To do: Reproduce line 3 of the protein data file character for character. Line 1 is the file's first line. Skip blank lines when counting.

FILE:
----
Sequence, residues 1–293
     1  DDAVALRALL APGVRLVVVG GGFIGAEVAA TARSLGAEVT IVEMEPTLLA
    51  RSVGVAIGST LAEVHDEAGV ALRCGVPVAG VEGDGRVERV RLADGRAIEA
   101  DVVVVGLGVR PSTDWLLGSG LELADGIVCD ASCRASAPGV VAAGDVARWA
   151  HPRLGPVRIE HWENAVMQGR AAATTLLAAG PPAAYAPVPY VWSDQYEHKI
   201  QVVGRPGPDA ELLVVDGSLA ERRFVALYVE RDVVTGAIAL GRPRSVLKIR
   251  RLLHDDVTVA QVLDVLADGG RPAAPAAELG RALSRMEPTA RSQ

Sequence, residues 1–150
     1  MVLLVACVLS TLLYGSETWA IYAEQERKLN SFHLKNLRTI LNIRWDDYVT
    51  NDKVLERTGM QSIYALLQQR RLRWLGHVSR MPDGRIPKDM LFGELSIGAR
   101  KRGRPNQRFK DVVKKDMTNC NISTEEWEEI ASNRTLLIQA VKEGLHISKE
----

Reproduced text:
    51  RSVGVAIGST LAEVHDEAGV ALRCGVPVAG VEGDGRVERV RLADGRAIEA